When the Chairman had opened the meeting, Mr Rushton moved a vote of
condolence with the relatives of the late secretary whom he eulogized
in the most extraordinary terms.

`The poor of Mugsborough had lost a kind and sympathetic friend’, `One
who had devoted his life to helping the needy’, and so on and so
forth.  (As a matter of fact, most of the time of the defunct had been
passed in helping himself, but Rushton said nothing about that.)

Mr Didlum seconded the vote of condolence in similar terms, and it was
carried unanimously.  Then the Chairman said that the next business
was to elect a successor to the departed paragon; and immediately no
fewer than nine members rose to propose a suitable person – they each
had a noble-minded friend or relative willing to sacrifice himself for
the good of the poor.

The nine Benevolent stood looking at each other and at the Chairman
with sickly smiles upon their hypocritical faces.  It was a dramatic
moment.  No one spoke.  It was necessary to be careful.  It would
never do to have a contest.  The Secretary of the OBS was usually
regarded as a sort of philanthropist by the outside public, and it was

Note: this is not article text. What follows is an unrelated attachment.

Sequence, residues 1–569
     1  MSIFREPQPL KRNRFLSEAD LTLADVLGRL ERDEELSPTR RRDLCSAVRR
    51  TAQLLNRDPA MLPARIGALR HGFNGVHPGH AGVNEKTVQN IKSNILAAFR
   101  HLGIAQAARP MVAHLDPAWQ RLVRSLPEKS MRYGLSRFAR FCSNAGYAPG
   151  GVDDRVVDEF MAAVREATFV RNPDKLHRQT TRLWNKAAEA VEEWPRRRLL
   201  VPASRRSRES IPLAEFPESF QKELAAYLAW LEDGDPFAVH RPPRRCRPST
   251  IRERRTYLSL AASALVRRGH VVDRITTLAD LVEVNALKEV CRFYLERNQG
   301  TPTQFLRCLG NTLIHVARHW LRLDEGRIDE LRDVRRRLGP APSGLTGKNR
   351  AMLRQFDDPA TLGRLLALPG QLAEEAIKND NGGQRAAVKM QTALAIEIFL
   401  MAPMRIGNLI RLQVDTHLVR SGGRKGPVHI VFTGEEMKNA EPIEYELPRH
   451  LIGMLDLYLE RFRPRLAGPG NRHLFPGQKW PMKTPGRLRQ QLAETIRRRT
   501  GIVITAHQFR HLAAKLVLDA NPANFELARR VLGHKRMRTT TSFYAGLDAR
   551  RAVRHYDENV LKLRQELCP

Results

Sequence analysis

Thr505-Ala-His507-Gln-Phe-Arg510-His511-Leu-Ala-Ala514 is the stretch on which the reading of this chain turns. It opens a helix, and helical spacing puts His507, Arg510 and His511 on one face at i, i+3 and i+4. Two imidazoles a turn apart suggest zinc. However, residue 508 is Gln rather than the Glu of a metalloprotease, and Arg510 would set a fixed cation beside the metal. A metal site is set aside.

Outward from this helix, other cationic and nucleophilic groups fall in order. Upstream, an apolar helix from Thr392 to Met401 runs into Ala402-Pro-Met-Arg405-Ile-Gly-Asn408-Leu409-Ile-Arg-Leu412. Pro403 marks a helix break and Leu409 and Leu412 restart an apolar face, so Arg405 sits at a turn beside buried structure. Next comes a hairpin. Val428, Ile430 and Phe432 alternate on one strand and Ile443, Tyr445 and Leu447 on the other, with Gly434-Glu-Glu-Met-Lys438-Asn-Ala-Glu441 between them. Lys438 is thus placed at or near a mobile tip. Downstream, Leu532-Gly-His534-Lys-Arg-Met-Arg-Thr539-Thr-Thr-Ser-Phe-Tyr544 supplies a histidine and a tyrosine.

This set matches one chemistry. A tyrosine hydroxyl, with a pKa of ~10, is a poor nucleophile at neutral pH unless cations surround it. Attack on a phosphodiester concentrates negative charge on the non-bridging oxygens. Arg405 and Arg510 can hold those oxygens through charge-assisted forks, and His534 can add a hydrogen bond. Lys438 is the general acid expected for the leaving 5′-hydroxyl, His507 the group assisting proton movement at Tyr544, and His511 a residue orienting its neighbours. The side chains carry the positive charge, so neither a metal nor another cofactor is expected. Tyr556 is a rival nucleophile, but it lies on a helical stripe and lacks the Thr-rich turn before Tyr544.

necessary to keep this fiction alive.

For one or two minutes an awkward silence reigned.  Then, one after
another they all reluctantly resumed their seats with the exception
of Mr Amos Grinder, who said he wished to propose his nephew, Mr
Sawney Grinder, a young man of a most benevolent disposition who
was desirous of immolating himself upon the altar of charity for the
benefit of the poor – or words to that effect.

Mr Didlum seconded, and there being no other nomination – for they all
knew that it would give the game away to have a contest – the Chairman
put Mr Grinder’s proposal to the meeting and declared it carried

Another considerable item in the expenditure of the society was the
rent of the offices – a house in a back street.  The landlord of this